A short hike will lead you to Robber’s Cave, a natural rock cave in Gucchupani. You can wade through the waters of the brook that flows through this cave. It requires a bit of ducking to enter the cave which has a low ceiling. In the monsoon, the waterfalls usually cover the entry point, making it even more exciting to visit here.
For a glimpse into the Buddhist culture, hop into the Mindrolling Monastery set atop an incline. Once you are done exploring the white stupa, you can interact with the monks who sometimes also practise playing their traditional Tibetan horns which are unusually long.
The Punjabi city of Patiala is quite popular for lending its name to the Patiala bottoms which are worn as lowers with Punjabi suits and kameez. This city enjoys a lot of Mughal and Sikh heritage, as evidenced through the monuments and gurudwaras located here.
One among the multiple fortresses you can observe here is Qila Mubarak. This royal palace was built in 1763 for the royalty of Patiala. Initially a mud fortress, Qila Mubarak was later revamped to include 13 chambers in its internal section, called as Qila Androon. There is also an armoury and chandelier museum (at the Darbar Hall) which showcases shields, swords, cannons, daggers and aces belonging to Guru Gobind Singh.
Another palace, Moti Bagh Palace, which was built during the 1840s, is now home to multiple institutions. Inside, you will find a taxidermy gallery and museum, the North Zone Cultural Centre and Asia’s largest sports institute – Netaji Subhas National Institute of Sports (NIS).
Some distance away from the Moti Bagh Palace, the Sheesh Mahal (Palace of Mirrors) is a stunning 3-storey museum which exhibits paintings, sculptures, metal and ivory work, a medal gallery, a coin gallery and a taxidermy gallery. If you visit during the annual Patiala Heritage Festival (generally held for a fortnight between Feb and March), you can witness a series of cultural programs at the famous palaces on Heritage Street.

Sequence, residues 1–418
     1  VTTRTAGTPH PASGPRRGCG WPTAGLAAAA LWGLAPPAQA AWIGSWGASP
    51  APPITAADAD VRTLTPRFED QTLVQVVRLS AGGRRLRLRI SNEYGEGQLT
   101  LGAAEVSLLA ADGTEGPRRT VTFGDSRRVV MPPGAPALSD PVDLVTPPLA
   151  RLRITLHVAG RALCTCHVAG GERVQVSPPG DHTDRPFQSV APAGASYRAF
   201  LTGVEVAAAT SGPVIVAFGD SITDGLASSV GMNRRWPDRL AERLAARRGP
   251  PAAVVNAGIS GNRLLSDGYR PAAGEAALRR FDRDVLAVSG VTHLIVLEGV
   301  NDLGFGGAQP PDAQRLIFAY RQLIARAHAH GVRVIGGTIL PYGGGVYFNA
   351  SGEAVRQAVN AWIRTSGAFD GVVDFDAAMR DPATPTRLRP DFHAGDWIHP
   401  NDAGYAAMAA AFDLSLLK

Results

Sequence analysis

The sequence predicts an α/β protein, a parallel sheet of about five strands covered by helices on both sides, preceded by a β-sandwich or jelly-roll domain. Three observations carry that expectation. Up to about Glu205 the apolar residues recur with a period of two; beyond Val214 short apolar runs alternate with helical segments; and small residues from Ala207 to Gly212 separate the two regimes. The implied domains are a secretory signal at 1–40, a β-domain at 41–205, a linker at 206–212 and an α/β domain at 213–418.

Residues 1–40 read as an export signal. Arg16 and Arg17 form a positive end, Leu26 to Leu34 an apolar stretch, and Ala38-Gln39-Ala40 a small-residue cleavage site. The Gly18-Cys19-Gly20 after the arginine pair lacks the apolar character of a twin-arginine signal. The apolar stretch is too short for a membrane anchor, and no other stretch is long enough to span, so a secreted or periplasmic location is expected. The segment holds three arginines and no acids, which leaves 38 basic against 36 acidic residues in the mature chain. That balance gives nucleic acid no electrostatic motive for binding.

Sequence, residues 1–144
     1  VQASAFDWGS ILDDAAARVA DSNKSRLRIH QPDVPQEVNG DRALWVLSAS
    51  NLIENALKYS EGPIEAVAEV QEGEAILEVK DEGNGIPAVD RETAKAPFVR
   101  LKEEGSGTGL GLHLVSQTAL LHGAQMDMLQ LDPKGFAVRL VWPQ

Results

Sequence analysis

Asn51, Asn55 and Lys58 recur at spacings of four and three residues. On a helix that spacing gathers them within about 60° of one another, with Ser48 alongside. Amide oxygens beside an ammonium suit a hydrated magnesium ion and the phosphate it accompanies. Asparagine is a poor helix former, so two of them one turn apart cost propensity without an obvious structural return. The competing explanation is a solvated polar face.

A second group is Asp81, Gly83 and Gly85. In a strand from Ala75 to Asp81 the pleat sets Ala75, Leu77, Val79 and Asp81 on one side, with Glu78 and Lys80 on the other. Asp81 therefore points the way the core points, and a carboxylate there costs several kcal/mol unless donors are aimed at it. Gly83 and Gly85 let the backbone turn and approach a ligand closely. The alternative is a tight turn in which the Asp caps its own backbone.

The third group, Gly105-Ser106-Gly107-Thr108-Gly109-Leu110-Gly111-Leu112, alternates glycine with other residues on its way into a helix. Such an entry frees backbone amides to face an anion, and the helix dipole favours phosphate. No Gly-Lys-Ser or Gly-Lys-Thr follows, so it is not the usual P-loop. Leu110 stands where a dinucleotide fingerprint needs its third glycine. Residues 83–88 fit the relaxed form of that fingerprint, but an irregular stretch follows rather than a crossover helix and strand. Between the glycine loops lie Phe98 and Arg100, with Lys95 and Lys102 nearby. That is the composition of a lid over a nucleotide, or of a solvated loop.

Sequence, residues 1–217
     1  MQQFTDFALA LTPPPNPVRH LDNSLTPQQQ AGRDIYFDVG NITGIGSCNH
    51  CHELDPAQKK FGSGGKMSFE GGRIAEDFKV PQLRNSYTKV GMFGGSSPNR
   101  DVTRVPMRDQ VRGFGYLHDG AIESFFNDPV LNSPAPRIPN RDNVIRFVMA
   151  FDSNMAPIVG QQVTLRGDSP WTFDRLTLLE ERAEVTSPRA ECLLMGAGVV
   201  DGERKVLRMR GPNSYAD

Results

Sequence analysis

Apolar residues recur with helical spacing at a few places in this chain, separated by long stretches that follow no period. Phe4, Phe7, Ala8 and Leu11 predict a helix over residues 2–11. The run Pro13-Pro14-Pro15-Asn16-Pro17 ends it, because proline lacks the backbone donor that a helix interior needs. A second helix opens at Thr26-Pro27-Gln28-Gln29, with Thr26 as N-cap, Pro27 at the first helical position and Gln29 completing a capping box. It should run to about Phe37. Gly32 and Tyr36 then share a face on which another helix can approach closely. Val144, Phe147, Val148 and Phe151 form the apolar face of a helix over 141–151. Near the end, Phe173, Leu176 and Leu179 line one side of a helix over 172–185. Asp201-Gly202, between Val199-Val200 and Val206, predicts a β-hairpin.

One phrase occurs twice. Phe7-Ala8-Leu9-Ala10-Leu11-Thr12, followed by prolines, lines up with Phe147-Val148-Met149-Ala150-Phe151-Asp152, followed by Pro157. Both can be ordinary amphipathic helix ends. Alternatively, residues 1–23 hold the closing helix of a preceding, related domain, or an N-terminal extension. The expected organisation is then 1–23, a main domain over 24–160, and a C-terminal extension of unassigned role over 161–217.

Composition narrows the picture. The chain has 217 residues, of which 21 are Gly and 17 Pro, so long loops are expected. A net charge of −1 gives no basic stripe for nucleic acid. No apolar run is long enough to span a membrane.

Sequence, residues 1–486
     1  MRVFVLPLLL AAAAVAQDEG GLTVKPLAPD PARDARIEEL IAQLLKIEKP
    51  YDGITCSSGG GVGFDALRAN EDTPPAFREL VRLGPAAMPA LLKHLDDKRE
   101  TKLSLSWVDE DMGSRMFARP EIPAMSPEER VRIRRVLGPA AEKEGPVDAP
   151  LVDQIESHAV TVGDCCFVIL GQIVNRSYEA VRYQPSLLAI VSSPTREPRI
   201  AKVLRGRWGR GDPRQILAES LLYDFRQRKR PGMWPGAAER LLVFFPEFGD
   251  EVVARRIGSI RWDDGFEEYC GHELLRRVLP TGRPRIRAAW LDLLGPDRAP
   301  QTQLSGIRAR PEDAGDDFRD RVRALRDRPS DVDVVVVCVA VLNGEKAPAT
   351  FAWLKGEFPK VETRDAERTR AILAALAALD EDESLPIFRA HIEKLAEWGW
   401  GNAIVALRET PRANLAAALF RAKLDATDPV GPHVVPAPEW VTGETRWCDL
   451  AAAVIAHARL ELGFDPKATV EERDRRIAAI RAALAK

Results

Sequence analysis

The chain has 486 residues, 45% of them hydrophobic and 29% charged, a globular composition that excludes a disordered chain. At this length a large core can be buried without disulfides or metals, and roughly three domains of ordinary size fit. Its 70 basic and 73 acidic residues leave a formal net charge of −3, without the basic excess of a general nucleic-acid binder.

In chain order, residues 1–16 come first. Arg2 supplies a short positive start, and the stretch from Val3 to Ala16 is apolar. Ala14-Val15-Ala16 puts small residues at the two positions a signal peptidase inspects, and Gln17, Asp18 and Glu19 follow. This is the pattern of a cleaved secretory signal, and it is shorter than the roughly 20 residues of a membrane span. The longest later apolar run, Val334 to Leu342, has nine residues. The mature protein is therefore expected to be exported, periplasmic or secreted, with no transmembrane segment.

This village in Rajasthan is famous (or perhaps infamous) for being haunted. It is advisable to visit Bhangarh only in the daytime, and leave the place before sunset as it is believed that the entire village is haunted by evil spirits at night. The village is full of ruins from the 17th century, but for the curious mind, a day-tour is a must.
The Bhangarh Fort built by the Kachhwaha ruler, Bhagwant Das, is worth a visit. The fortress has a pond and is built on the slopes of a hill. A peculiar feature of most of the heritage buildings here is that they are mostly roofless.
The story goes that an evil wizard wanted to charm Princess Ratnavati of Bhangarh with a love potion which he had concocted. To his dismay, the princess threw the potion on a rock which eventually rolled over on the wizard, instantly killing him. But the man had cursed the entire village that it would not have a roof.
Apart from the Bhangarh Fort, you can explore the ruined temples, havelis (traditional private residences) and palaces inside the village gate. The temples here are typically Hindu temples of Hanuman, Ganesh, Mangla Devi, Gopinath and more.
At an altitude of 1,706 metres, Lansdowne is an inviting hill station in Uttarakhand. The place is named after Lord Lansdowne, who was Viceroy of India from 1888 to 1894. Emanating typical Garhwali charms, Lansdowne remains secluded amidst the pine and oak forests of Pauri.